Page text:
In contrast, [Petitioner] 's case does not involve "cause" under the procedural default doctrine. [Petitioner]'s § 2254 petition was dismissed because he filed it well after AEDPA's limitations period expired, and he showed no basis for tolling. See Arthur, 452 F.3d at 1250-54. [Petitioner]'s case concerns only the operation of a federal rule-namely, the operation of AEDPA's one-year statute of limitations. It was wholly the operation of AEDPA's federal limitations period-independent of any state procedural rule-that barred [Petitioner]'s § 2254 petition. Because [Petitioner]'s § 2254 petition was denied due to his complete failure to timely file that § 2254 petition, the Supreme Court's analysis in Martinez and Trevino of when and how "cause" might excuse noncompliance with a state procedural rule is wholly inapplicable here.

Arthur, 739 F.3d at 630-31 (emphasis in original); see also Simmons v. Jones, No. 3:14-CV- 374/MCR/CJK, 2015 WL 5190561, at *4 (N.D. Fla. June 26, 2015), report and recommendation adopted, No. 3:14-CV-374/MCR/CJK, 2015 WL 5190556 (N.D. Fla. Sept. 4, 2015) (Martinez rule does not apply to the AEDPA's limitations period after Arthur); Warren v. Crews, No. 3:13-CV-296/RV/EMT, 2014 WL 2050284, at *6 (N.D. Fla. May 19, 2014) (same); Brown v. Crews, No. 3:13-CV-64/MCR/EMT, 2014 WL 4409952, at *4 (N.D. Fla. Sept. 8, 2014) (same).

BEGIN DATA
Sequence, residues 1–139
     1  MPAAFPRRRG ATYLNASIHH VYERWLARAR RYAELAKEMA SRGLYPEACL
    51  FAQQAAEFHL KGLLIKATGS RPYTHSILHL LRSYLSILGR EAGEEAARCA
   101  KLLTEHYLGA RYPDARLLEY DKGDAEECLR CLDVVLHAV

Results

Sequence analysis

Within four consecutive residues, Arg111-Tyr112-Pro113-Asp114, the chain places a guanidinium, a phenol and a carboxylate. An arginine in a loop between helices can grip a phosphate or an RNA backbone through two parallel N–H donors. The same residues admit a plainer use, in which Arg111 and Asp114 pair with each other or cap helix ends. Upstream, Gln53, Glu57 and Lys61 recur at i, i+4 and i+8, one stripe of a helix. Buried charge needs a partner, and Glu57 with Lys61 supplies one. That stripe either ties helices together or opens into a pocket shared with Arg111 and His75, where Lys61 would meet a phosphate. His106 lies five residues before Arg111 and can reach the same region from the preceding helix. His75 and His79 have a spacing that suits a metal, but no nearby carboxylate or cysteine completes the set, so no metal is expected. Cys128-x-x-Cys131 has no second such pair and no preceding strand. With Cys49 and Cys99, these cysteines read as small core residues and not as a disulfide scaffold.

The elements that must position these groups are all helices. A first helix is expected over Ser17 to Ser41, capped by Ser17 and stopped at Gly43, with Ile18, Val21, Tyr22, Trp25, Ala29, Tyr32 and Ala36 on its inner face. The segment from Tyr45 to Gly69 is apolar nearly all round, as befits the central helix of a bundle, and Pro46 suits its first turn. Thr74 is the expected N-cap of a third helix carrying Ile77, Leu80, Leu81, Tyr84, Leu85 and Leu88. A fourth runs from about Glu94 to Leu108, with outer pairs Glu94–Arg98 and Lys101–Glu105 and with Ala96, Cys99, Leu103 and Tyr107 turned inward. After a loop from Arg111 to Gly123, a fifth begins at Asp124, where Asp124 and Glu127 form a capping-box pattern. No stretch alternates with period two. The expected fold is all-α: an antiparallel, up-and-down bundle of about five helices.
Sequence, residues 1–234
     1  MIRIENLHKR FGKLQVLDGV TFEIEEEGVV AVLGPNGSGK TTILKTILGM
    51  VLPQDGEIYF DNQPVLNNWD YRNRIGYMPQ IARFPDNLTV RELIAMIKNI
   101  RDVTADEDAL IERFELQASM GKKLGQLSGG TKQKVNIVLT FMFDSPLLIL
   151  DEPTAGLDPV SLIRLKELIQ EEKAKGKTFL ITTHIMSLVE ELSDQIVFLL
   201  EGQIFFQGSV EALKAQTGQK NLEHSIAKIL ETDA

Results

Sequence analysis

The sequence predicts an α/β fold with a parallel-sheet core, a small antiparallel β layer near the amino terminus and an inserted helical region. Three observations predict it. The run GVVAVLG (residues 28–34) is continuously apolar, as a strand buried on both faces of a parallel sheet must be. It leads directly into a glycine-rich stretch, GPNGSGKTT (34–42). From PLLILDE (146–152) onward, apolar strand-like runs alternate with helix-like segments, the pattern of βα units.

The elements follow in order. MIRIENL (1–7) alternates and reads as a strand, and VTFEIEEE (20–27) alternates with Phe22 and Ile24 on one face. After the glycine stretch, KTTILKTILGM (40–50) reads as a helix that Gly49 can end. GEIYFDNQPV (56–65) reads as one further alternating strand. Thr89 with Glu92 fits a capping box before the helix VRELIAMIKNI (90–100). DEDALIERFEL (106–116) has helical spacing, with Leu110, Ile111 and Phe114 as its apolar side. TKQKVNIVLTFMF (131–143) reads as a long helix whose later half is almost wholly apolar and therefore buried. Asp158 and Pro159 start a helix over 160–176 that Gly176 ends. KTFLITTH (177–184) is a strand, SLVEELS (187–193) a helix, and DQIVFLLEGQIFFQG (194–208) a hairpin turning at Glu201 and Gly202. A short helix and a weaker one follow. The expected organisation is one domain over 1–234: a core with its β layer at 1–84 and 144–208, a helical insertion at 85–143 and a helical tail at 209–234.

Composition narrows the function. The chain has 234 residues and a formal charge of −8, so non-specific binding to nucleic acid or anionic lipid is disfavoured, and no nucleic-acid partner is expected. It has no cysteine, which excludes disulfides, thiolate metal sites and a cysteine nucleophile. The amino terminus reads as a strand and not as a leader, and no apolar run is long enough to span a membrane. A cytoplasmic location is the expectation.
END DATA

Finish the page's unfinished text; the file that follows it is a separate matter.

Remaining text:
In Chavez, the Eleventh Circuit merely reiterated that Martinez and Trevino do not apply to AEDPA's statute of limitations:

We have emphasized that the equitable rule established in Martinez applies only to excusing a procedural default of ineffective-trial-counsel claims and, for that reason, has no application to other matters like the one-year statute of limitations period for filing a § 2254 petition .... And while the federal limitations period is subject to equitable tolling in certain circumstances, we have rejected the notion that anything in Martinez provides a basis for equitably tolling the filing deadline.

Chavez. 742 F.3d at 945-46 (internal quotations omitted). Nothing in Chavez undermined the Court's rationale in Arthur that Martinez and Trevino do not apply to the operation of federal rules.

         Just as Martinez and Trevino were inapplicable to a federal rule-namely, AEDPA's statute of limitations-in the context of a § 2254 petition, they are equally inapplicable to that same federal rule in the context of Petitioner's § 2255 ...